What do those cases and those reactions have in common with the innocuous-in-comparison bullying that goes on from the good guys to the bad guys? Those excuses are way too easily transposed onto those cases of bullying, and thus make the crowd more inured to the idea that common malfeasance can and should be met with excessive force. Even in cases where NPCs get physical, like how Sensational Sherri used to attack the Macho King's opponents, is cold-cocking her really an appropriate response? In the eye-for-an-eye world of pro wrestling and without using any context, sure, but then again, walloping, say, an interfering Ted DiBiase might make sense. He's a proven wrestler who can defend himself. But Sherri? She was 100 pounds soaking wet. For someone like Hulk Hogan or Ultimate Warrior to hit her like they would DiBiase would threaten her life.

In some cases, Sherri would take the full brunt of a move, but in some cases, the good guy would show restraint, which is the truest mark of a babyface. A competitor who shows mercy to a completely defeated or overmatched opponent, even when they don't have to, shows the most honor in a story term, but it is the bare minimum required in a legal sense. To take it even further, most martial arts disciplines emphasize defense instead of offense, and for conflict dissipation to be the first step. Obviously, wrestling would be boring with diplomacy as the first option for all conflicts, but the rest of the stuff applies.

If wrestling were presented as a faux-sport in the vein of boxing or NASCAR, and wrestlers were presented as cults of personality with their own groups of fans. However, traditional wrestling, which apparently WWE still purveys, is a morality play, embedded in its terminology. Babyfaces are the good guys; heels are the baddies. If WWE is going to have good guys, shouldn't they be good? Shouldn't WWE enable responsible, emulatable behavior and not shitty, regressive attitudes?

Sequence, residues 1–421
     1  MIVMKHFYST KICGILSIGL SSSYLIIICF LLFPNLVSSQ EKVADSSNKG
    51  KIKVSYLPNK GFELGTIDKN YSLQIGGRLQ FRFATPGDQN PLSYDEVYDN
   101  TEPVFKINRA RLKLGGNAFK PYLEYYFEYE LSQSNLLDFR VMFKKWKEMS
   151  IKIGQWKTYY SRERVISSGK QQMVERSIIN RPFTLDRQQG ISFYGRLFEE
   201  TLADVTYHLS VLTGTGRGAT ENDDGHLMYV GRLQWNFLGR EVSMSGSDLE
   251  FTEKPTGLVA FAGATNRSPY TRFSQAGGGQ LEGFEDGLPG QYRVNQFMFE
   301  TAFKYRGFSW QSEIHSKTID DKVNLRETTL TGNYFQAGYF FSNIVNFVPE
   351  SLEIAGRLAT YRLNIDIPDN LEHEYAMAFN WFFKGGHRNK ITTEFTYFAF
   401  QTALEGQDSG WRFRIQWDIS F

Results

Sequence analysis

Sure, WWE doesn't have to put on a socially responsible product - it is entertainment, after all - but more and more, entertainment outlets are being held to higher standards. Honestly, anything from which the people can derive joy should look to raise up the oppressed, the weak, and the downtrodden rather than continue ideals that perpetuate the barbaric "might equals right" status quo. That statement might seem silly in an entertainment medium based on people staging worked fights to resolve differences. However, making violence the centerpiece of entertainment can be done in an acceptable manner. Cena throwing hands with Lesnar absolutely belongs in that spectrum. Cena manhandling Heyman? Well, that action would be one way of turning someone with right intentions into a villain.

Weasels like Heyman can and should get comeuppance in ways that don't involve them getting beaten within inches of their lives. Wrestling companies, whether global like WWE or local, should start practicing better ways fulfilling retribution against their transgressions rather than bullying them.